Frostbite is probably not worth the actions unless it's a rider on a real attack. It only really gets good with relatively large numbers of natural attacks or unarmed strikes. A magus can do that with polymorph spells at high levels. A druid can do it at low-mid levels. A samsaran sacred fist warpriest can also pull it off at mid levels, but without pounce.

A hunter, unless there's a wildshaping archetype I don't recall, isn't going to get much out of it.

Gorbacz wrote:
Rogues fail at devouring civilizations. You need a Master Summoner or an Archer Paladin for that...

Rogues may not devour civilizations, but arguments about rogues get pretty nasty.

ChainsawSam wrote:
TarkXT wrote:

So rather than thinking "what classes do we need?"

You ask. "What jobs do we need covered?"

That's actually quite liberating as it frees you from the burden of having to meet some imaginary class standard the game doesn't naturally enforce.

You raise a very good point that I'd like to reinforce.

I don't know how many times I've been asked to build a certain class or played with someone who was asked to build a certain class, and in either case been disappointed.

"We need a Cleric."

If the only information you give me is that you want a Cleric, I'll probably show up with the biggest, nastiest Iomedaen around. A murderstorm of longsword, butch haircut, and divine energies.

If what you meant to say was "We need buffs to increase our capabilities and some healing for back up," then what I'll show up with is entirely different.

Saying, "We need an Arcane caster" and "We need an Anvil, someone to control and debilitate the enemy," will provide two entirely different outcomes from a player trying to build a Wizard.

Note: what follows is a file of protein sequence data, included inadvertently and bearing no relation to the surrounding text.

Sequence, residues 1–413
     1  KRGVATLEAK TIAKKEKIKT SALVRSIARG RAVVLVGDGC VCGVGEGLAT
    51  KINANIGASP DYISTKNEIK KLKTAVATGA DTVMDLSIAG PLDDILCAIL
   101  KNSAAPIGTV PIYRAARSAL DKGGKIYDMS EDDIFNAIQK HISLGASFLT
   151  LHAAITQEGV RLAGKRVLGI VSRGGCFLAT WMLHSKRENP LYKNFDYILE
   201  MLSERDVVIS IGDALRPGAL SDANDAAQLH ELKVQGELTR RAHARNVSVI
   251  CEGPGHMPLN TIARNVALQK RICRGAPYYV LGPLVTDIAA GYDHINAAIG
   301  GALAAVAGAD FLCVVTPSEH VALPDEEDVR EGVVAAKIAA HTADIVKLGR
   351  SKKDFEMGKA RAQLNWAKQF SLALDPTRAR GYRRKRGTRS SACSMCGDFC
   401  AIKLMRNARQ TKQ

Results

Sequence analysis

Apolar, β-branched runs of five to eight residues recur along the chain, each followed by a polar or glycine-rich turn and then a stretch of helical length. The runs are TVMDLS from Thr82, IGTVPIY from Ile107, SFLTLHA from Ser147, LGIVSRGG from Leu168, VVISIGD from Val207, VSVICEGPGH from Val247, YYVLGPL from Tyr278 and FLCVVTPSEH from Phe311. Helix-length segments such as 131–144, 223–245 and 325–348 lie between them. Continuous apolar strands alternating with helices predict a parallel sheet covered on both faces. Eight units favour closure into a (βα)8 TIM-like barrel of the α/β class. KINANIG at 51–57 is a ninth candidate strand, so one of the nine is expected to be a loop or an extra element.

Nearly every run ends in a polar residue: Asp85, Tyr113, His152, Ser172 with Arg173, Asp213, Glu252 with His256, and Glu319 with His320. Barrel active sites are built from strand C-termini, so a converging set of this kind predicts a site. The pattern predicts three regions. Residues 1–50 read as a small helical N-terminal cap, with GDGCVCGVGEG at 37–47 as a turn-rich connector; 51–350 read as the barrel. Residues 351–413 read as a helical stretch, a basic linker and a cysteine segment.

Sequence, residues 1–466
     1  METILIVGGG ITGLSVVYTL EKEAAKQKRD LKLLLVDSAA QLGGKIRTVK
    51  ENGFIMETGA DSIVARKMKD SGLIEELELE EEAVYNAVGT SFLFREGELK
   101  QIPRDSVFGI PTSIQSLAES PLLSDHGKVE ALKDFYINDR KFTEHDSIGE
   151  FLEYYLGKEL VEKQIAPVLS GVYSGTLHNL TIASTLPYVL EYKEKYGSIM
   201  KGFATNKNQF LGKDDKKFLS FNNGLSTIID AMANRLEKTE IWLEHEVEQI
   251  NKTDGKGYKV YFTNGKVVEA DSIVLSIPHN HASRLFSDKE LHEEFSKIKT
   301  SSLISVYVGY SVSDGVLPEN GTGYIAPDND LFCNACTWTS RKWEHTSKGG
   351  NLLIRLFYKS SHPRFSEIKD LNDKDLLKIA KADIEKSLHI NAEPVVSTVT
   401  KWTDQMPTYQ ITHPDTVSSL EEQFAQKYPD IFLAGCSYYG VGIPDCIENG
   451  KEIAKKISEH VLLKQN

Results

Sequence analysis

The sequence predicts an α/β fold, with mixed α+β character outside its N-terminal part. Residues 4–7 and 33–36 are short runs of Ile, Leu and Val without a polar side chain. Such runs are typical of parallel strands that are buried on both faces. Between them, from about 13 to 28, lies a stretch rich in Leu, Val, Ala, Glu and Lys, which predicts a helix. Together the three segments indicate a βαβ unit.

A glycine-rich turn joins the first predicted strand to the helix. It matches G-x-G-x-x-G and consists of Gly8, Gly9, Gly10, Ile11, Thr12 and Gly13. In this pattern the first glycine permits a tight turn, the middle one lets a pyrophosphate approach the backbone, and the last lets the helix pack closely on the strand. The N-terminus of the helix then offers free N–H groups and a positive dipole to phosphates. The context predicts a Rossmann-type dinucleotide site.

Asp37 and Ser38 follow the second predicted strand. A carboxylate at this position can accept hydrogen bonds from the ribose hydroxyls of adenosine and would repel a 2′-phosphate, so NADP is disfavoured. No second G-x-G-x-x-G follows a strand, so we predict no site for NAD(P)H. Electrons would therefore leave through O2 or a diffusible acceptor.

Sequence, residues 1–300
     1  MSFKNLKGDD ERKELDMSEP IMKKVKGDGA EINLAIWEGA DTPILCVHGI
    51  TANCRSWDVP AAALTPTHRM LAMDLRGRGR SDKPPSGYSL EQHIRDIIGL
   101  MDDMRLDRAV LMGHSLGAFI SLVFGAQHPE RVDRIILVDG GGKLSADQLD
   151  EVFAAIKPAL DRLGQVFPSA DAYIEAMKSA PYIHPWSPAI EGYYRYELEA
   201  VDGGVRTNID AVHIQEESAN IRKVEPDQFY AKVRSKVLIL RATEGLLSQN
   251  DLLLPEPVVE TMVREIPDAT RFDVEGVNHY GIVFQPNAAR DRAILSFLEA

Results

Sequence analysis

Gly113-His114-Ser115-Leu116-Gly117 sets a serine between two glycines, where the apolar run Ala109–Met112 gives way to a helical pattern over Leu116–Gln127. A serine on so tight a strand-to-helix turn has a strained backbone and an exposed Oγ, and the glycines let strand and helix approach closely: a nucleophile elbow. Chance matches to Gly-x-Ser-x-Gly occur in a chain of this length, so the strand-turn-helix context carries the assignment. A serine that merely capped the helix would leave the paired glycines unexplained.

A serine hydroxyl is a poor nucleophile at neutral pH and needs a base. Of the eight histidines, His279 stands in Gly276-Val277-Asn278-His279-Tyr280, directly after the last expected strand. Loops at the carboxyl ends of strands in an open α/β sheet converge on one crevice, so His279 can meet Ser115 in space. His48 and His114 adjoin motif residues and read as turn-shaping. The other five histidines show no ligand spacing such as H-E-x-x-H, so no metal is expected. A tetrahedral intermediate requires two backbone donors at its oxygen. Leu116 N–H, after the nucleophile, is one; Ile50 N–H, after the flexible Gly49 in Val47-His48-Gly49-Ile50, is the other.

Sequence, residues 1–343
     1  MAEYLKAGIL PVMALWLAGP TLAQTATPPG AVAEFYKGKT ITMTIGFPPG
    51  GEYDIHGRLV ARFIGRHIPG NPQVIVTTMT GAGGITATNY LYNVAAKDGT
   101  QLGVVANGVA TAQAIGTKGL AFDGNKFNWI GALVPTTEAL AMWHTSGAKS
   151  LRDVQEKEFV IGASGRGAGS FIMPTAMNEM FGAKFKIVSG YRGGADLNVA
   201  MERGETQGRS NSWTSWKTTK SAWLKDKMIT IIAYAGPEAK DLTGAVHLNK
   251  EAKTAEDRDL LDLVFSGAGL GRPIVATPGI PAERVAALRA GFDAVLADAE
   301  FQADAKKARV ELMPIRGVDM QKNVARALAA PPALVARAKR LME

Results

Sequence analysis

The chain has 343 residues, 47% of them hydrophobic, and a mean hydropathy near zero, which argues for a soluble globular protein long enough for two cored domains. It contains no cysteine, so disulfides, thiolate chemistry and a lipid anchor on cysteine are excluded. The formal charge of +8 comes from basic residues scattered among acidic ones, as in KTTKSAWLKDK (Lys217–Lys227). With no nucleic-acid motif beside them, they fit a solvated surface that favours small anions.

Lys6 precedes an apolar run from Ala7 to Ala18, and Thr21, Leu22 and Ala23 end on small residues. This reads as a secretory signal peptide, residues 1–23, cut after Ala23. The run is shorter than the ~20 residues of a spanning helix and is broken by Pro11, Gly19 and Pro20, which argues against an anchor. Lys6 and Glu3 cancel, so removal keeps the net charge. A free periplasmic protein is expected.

Classifying characters by their role rather than Class is a clearer and more direct way of communicating and thinking.

No, that cleric is fine because cleric is a noncombat role. A cleric's role is, after each battle, return the party as much as practical to the status quo ante. Her job is to have open slots into which she can prepare remove disease and remove curse if your fighter failed a fortitude save fighting a CR 5 mummy at level 5. It's an indispensable role in some games, but it has nothing to do with the forge model of combat. Because of the delay on spontaneous caster spell access, their lack of spells known, and the absence or delay of some of the condition removal spells on all the other full divine lists the role is pretty much synonymous with cleric.

Similarly, in some kinds of games "person who learns teleport and greater teleport" is an important noncombat role that is almost synonymous with full arcane caster, but has nothing to do with the forge model of combat.

You talk about heavy shields when comparing bard AC to magus AC. Bards, other than arcane duelists, cannot use heavy shields without sacrificing their ability to cast spells with somatic components. Only light shields and bucklers can be used for the free action grip shuffle. Bards can use shields a lot earlier than magi can use heavy armor, but they don't want to use heavy shields.